Podcasting the Humanities: Shifting intimacies under Covid-19

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Wujun (June) Ke was another Podcasting the Humanities participant from UCI this summer.  She worked with three other participants in the Institute from different colleges and shares her experience here.

Hailing from four public institutions across the US, my cohort’s first conversations getting to know one another revolved around the uncertainties of the job market and our openness to alt-careers given the flexibility demanded from an increasingly adjunctified profession. We established early on that we wanted to do something ambitious and form-pushing with the understanding that this first attempt at podcasting was also a humble experiment.

We were inspired by Dr. Hannah McGregor’s discussion of scholarly intimacies and institutional resistance to understanding a scholar as a whole human being. She points out that if we are entirely and only valued for our minds, then factors like mental health, economic well-being, friendship and other forms of sociality fade into the background. There is no place for vulnerability and self-exposure because we are expected to “be professional”. Likewise, we don’t often talk about mental health because it would point to the unsavory realities of failure and heartbreak, difficulties that are supposed to be confined to the realm of the personal.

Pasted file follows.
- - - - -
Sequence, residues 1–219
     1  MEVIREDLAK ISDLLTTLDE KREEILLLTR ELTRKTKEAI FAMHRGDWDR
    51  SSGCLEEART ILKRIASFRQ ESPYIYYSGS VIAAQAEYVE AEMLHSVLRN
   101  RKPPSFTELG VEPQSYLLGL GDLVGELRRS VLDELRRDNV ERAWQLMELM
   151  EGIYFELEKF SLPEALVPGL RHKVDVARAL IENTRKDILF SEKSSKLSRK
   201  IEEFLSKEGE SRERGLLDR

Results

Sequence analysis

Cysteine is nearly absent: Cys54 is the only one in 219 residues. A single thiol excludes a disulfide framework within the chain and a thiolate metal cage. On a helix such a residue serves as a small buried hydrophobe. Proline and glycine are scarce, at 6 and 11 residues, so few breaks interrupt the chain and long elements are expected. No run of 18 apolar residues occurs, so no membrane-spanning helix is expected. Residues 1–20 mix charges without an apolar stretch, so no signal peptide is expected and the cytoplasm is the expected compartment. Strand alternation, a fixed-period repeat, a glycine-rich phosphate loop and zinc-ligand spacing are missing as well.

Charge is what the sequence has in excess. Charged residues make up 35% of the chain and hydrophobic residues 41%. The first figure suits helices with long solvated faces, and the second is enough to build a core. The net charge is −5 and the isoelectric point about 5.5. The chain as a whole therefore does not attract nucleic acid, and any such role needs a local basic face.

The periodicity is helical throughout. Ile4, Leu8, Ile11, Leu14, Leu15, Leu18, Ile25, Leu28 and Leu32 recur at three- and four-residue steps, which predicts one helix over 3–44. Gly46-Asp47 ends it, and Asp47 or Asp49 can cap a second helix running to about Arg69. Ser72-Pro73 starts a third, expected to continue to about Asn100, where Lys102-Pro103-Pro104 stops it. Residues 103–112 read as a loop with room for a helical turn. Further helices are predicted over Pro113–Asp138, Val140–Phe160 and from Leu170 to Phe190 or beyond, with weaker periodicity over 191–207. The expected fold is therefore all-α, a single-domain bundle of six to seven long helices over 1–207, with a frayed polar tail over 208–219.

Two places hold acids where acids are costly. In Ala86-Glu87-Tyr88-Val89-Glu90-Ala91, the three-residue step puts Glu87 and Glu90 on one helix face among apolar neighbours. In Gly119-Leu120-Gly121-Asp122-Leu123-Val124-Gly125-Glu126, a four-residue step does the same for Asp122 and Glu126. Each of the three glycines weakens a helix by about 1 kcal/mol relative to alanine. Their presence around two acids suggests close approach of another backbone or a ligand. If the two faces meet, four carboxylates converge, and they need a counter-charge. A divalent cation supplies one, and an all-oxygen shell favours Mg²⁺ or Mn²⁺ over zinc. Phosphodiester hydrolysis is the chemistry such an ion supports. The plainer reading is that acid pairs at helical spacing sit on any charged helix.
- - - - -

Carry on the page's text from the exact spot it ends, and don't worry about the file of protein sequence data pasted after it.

Our podcast celebrates the personal. We decided on the topic of “shifting intimacies under Covid-19,” bringing the listeners into our Zoom-dominated lives in audio essays that were inevitably informed by our research interests and the pandemic. Drawing on my love for documentaries, I recorded our free-wheeling discussions on Zoom and created a segment about the making of our podcast. Lauren analyzed the visual politics of Zoom, Kevin discussed the intimacy of strangers on an online fitness course, and Mirna reflected on how Zoom orchestrated the reversal of the private and public spheres. But what gave me the most joy was an intermission we made called “Affirmations for graduate students,” a sound-experiment in which Lauren layered our voices together in idealistic tongue-in-cheek mantras. It ends with the refrain, “be like water,” a quote popularized by Bruce Lee but originally taken from the Daoist classic Daodejing.

During a time when the academic humanities trend towards budget cuts and contract positions, it is not a choice as much as a matter of survival to search for support and platforms outside of institutional academia. Being part of the podcasting institute has inspired me to radically reimagine what scholarship might look like and to rethink possibilities for creative collaboration among humanities scholars.

Listen to the podcast here.